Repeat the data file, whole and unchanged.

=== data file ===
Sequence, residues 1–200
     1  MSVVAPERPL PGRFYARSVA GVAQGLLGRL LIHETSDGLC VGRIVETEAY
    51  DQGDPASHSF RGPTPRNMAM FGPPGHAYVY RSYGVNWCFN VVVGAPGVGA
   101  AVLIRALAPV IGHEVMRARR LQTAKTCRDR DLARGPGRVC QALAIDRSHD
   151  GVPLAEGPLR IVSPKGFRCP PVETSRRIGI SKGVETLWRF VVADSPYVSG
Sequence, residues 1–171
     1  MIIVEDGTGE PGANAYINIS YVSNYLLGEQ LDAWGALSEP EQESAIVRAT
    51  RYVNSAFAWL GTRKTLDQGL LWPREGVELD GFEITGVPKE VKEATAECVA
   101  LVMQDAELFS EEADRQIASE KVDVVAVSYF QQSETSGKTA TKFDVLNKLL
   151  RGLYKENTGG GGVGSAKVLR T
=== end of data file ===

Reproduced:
Sequence, residues 1–200
     1  MSVVAPERPL PGRFYARSVA GVAQGLLGRL LIHETSDGLC VGRIVETEAY
    51  DQGDPASHSF RGPTPRNMAM FGPPGHAYVY RSYGVNWCFN VVVGAPGVGA
   101  AVLIRALAPV IGHEVMRARR LQTAKTCRDR DLARGPGRVC QALAIDRSHD
   151  GVPLAEGPLR IVSPKGFRCP PVETSRRIGI SKGVETLWRF VVADSPYVSG
Sequence, residues 1–171
     1  MIIVEDGTGE PGANAYINIS YVSNYLLGEQ LDAWGALSEP EQESAIVRAT
    51  RYVNSAFAWL GTRKTLDQGL LWPREGVELD GFEITGVPKE VKEATAECVA
   101  LVMQDAELFS EEADRQIASE KVDVVAVSYF QQSETSGKTA TKFDVLNKLL
   151  RGLYKENTGG GGVGSAKVLR T